Jerry Garcia’s solos have always gotten the brunt of the praise (and blame) when people talk about their long improvisations, but while his solo is utterly tremendous on this version of “Sugar Magnolia”, the whole band — especially pianist Keith Godchaux — are utterly smoking.

Hell, drummer Bill Kreutzmann gets so carried away he ends up double-timing his snare and actually ends the rave-up a measure too soon, but almost instantly catches himself and ends when everybody else does, a mistake they rightly left on the album.

After the audience starts cheering at the false ending, they leap back into “Sunshine Daydream” section, which is basically a repeat of the preceding jam, but now with Donna Godchaux singing “sunshine daydream” in imperfect harmony with Bob Weir. It’s so much fun that for a few minutes I take back everything bad I’ve ever even thought about hippies.

“Sugar Magnolia (Paris ’72)”

Every Certain Song Ever
A filterable, searchable & sortable database with links to every “Certain Song” post I’ve ever written.

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Certain Songs Spotify playlist
(It’s recommended that you listen to this on Spotify as their embed only has 200 songs.)

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Certain Songs #541: The Grateful Dead – “Playing in the Band (Live 1971)”

May 19th, 2016 · No Comments

grateful dead skull & roses Album: Grateful Dead
Year: 1971

How many Grateful Dead live albums are there by now? Dozens? Hundreds? Thousands? Early on, they realized that their ability to take the same song in different directions on different nights was something their fans treasured, and from 1969 – 1973, they released eight discs worth of live recordings.

For most bands, this would have been seen as flooding the market, but for Deadheads it wasn’t nearly enough, so — with the band’s blessing — the taping and trading of shows abounded, which was an awesome community-building (and keeping) concept that probably arose from a combination of understanding fandom and hippie anti-materialism.

And while the hallmark of the taping and trading policy was “no commercial gain,” that clearly didn’t extend to the Dead, so in the early 1990s, they started bootlegging themselves, which has continued strong for the past quarter-century.

Of course, all of this was still in the embryonic phase when the Dead put out the Grateful Dead live album in 1971. This is the album that is commonly known as “Skull & Roses,” as it was the first Dead artifact to feature of of their most iconic images — a skeleton with a crown of roses.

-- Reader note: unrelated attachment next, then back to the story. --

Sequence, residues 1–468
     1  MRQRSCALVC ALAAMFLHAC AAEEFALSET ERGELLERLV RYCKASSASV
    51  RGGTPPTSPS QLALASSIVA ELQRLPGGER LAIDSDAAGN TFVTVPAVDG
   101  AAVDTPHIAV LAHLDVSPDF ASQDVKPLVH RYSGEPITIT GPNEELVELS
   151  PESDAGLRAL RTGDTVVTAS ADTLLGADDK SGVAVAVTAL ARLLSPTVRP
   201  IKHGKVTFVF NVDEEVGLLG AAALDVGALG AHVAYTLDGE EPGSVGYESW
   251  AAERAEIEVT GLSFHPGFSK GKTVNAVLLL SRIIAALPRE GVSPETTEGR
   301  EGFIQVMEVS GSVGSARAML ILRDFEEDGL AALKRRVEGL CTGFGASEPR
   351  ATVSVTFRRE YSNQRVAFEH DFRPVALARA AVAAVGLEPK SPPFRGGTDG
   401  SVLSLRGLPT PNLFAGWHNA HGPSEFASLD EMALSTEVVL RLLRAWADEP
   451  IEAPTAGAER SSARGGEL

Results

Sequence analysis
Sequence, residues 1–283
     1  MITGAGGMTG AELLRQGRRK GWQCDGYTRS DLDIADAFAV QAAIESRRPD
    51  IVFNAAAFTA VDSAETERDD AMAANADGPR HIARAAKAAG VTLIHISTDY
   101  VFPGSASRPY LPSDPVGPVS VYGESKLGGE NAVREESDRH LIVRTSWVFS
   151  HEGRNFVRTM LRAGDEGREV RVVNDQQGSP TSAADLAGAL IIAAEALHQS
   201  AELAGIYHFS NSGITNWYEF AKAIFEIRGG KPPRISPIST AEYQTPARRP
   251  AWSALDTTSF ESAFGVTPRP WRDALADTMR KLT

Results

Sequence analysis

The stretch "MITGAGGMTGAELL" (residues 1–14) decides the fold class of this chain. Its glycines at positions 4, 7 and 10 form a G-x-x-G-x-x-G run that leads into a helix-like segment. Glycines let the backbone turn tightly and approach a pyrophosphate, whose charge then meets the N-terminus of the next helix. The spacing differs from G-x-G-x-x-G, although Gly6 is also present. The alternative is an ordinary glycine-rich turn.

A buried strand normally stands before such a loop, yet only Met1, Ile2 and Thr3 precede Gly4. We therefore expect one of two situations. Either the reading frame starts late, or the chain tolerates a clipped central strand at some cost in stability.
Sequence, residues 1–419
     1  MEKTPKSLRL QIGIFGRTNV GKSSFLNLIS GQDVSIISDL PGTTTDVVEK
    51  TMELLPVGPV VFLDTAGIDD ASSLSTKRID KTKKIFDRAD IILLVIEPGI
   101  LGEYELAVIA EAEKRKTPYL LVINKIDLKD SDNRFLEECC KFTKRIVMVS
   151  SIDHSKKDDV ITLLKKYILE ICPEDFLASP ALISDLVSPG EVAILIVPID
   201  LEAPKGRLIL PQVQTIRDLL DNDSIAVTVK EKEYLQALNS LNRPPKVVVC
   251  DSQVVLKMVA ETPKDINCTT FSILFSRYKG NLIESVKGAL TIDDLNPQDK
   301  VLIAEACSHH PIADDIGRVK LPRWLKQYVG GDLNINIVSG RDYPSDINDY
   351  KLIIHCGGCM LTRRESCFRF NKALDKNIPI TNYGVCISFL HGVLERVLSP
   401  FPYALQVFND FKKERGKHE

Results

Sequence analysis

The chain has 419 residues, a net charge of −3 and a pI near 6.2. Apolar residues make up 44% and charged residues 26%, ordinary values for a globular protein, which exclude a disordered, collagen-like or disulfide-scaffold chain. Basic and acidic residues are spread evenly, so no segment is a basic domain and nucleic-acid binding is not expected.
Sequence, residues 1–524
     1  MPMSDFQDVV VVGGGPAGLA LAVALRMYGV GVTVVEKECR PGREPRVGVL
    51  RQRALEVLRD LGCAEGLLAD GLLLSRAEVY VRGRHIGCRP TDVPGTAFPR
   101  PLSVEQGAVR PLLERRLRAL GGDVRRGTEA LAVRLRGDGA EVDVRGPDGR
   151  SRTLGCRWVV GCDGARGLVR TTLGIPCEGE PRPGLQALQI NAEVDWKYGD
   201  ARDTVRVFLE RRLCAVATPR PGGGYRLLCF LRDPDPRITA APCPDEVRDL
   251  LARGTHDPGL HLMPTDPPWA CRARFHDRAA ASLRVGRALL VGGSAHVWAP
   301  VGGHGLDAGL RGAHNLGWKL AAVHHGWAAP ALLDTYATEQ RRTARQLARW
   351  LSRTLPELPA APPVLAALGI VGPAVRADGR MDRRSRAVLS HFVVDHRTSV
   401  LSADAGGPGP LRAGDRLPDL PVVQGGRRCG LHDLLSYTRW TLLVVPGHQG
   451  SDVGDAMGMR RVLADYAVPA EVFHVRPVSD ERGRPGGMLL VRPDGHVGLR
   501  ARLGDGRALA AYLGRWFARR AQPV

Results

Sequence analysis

They’d had skeletons on their album covers, they’d had roses on their album covers, but this is the first time they had both!

It was also the first time “Playing in the Band” made it to record. What I like about this version is that it feels kinda sketchy and tentative, as if the gorgeous ringing guitar duets that Jerry Garcia and Bob Weir are throwing together are happening for the first time ever.

Which, probably not, especially since Wikipedia sources the song to 1968. Also, when you listen hard, you can hear how disciplined their guitars are being. But only if you really listen hard, and even then, things are always on the verge of going haywire.

And along with the typically rough harmonies, that sense that things could fall apart even they’re doing everything they can to keep it together is part of the charm of a song like “Playing in the Band.”

“Playing in the Band (Live 1971)

Every Certain Song Ever
A filterable, searchable & sortable database with links to every “Certain Song” post I’ve ever written.

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Certain Songs Spotify playlist
(It’s recommended that you listen to this on Spotify as their embed only has 200 songs.)

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Certain Songs #540: The Grateful Dead – “Friend of The Devil”

May 18th, 2016 · No Comments

grateful dead american beauty Album: American Beauty
Year: 1970

If I was forced at gunpoint to choose my favorite song by The Grateful Dead (and seriously, who would ever actually do that?), it would be the outlaw fantasia “Friend of The Devil,” one of the key tracks on their 1971 classic American Beauty.

I’m definitely not alone in this, of course, and while I don’t really remember “Friend of The Devil” being on the radio in the same way as its contemporaries such as “Casey Jones” and “Truckin,’” over the years, it’s the song that has come to define the Dead for me.

Or at least the Dead I like the most: easy-rolling mostly-acoustic songs with rough vocals and intricate guitar work. So basically Workingman’s Dead and American Beauty.

I set out running but I take my time
A friend of the devil is a friend of mine
If I get home before daylight